Skirt Patterns: 1930s, 40s, 50s & 60s
Full of glamour and charmingly attractive, you will find our collection of retro skirt patterns difficult to resist. We are not skirting around this! After the Great Depression in the late 1920s and early 1930s, when hemlines again dropped to mid-calf to floor-length and outfits became more modest. Pleated Skirt patterns dominated 20s fashion for most of the decade. The swinging movement called attention to a woman's visible legs. The pleats also allowed ample walking room without disrupting the column-like shape when standing. In the 1940s, skirts (and outfits in general) became even more sombre in nature, with all the restrictions in clothing during the Second World War - utilitarian fashion was the go-to look, while cheaper fabrics gained ground and simple Straight, Flutter and Waterfall Skirt designs were popular.
During the 1950s, fashion returned to its more extravagant roots, with Dior and his “New Look”. Voluminous skirts with his A-line look and Pencil skirts were on trend. A pencil skirt pattern has a cylindrical, straight up and down cut, an A-line skirt pattern has a slight flare. Lay a pencil skirt on a flat surface, and it'll look like a rectangle. Lay an A-line skirt on the same surface, and it will look like the letter 'A'... which, unsurprisingly, is the reason it gets its name. The 50s were also an important time for the circle skirt pattern. The full circle has an inner circle corresponding to your waist (with wearing ease included) and the outer circle is the hem. The half circle skirt consists of two parts, which are base of the skirt and waistband. The base of the skirt is tailored in one part and represents a half circle.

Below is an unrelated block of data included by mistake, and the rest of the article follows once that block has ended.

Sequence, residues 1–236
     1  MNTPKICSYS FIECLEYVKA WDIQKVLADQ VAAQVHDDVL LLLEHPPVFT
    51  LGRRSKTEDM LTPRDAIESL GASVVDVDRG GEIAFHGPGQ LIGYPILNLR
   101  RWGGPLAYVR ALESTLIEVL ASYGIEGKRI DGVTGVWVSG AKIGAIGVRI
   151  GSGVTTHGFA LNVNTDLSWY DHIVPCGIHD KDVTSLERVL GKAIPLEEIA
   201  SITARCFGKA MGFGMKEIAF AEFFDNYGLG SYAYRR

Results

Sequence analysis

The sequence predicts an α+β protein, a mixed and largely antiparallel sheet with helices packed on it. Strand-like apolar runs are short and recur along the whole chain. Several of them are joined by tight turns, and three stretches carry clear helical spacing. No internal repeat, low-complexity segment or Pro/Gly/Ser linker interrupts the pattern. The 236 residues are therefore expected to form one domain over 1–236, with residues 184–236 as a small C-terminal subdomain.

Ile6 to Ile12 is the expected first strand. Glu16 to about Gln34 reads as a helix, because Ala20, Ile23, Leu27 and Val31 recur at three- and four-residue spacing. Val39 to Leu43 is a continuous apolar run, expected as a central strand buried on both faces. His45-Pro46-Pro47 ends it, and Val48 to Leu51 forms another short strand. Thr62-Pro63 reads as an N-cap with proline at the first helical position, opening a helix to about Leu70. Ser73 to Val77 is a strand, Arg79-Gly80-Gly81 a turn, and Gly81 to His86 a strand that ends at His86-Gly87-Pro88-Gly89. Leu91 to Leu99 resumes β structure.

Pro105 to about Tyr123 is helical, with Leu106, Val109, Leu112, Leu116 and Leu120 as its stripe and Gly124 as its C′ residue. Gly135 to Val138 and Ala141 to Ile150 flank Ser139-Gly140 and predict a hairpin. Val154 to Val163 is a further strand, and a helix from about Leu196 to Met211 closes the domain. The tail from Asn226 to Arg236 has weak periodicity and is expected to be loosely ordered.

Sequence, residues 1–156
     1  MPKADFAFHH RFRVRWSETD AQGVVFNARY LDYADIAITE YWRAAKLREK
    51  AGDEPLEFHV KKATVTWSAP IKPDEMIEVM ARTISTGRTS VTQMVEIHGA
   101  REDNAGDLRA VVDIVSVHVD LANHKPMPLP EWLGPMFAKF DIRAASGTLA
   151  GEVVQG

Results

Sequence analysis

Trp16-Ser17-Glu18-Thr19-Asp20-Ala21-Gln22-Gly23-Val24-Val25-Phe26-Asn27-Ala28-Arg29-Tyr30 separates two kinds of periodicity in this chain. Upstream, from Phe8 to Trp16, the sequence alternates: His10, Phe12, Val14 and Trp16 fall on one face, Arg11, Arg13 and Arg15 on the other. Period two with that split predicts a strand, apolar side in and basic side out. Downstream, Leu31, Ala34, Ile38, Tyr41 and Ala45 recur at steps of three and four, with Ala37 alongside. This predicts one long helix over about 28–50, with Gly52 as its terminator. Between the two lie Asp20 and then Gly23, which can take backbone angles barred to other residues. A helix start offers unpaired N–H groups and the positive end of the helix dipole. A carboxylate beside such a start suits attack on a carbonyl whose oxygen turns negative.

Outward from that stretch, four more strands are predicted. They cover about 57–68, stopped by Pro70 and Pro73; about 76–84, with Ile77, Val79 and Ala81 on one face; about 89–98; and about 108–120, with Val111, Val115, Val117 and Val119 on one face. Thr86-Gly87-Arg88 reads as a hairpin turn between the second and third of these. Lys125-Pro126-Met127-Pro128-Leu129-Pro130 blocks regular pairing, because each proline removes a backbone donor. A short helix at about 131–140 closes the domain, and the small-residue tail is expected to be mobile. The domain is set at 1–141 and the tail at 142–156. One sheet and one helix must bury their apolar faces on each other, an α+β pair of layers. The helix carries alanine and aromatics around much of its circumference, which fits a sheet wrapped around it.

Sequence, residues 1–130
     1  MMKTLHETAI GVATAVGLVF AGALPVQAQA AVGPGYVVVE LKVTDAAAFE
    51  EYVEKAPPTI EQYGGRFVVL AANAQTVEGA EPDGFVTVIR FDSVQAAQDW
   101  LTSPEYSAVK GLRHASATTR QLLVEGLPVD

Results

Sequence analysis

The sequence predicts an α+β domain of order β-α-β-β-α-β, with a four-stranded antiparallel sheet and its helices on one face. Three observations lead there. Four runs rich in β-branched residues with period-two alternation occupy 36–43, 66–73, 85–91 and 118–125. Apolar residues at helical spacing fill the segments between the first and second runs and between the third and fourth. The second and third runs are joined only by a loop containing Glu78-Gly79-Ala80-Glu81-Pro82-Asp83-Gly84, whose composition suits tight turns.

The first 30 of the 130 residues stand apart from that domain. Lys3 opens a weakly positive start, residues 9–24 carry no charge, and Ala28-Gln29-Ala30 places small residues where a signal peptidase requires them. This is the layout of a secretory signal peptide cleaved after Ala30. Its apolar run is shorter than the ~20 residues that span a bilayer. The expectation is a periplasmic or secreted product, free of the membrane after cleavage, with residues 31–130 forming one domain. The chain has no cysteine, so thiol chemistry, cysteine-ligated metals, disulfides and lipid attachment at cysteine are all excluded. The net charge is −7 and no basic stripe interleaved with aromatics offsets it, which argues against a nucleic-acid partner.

The true revolution though happened in the next decade, in the 1960s, with Mary Quant’s mini skirt. For the first time, women were given the freedom to choose the length of their skirt but the mini length was there to stay! The first maxi skirt sewing patterns appeared in 1967, and the style was adopted by the mainstream toward the end of the era when psychedelia patterns were trendy. The midi skirt pattern is designed to falls inches below the knee, and often ends up at the widest part of your calf, which results in a truncated silhouette. Thus, midi skirts are often most flattering for tall women as it defines their height. Try to avoid wearing midi if you're petite in size or curvy on the bottom. The Wrap-Around Skirt pattern is an easy to sew pattern and this design achieved their peak of popularity in the mid to late 1970s.
Our vintage sewing pattern collection is available in sizes ranging from XXS – XXL. We offer either the original pattern, a high-quality true to scale sewing pattern reproduction or an easy PDF sewing pattern to download at home.